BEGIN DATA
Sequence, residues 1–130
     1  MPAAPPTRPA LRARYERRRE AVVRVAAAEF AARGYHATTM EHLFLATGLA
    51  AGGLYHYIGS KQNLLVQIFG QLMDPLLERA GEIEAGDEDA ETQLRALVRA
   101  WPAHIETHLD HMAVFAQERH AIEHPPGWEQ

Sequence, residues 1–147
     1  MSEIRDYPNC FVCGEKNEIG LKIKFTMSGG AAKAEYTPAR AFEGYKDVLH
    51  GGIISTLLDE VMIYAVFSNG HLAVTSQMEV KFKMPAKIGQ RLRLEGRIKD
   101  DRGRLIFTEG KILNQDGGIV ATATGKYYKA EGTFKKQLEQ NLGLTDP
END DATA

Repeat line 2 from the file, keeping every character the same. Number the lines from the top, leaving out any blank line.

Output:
     1  MPAAPPTRPA LRARYERRRE AVVRVAAAEF AARGYHATTM EHLFLATGLA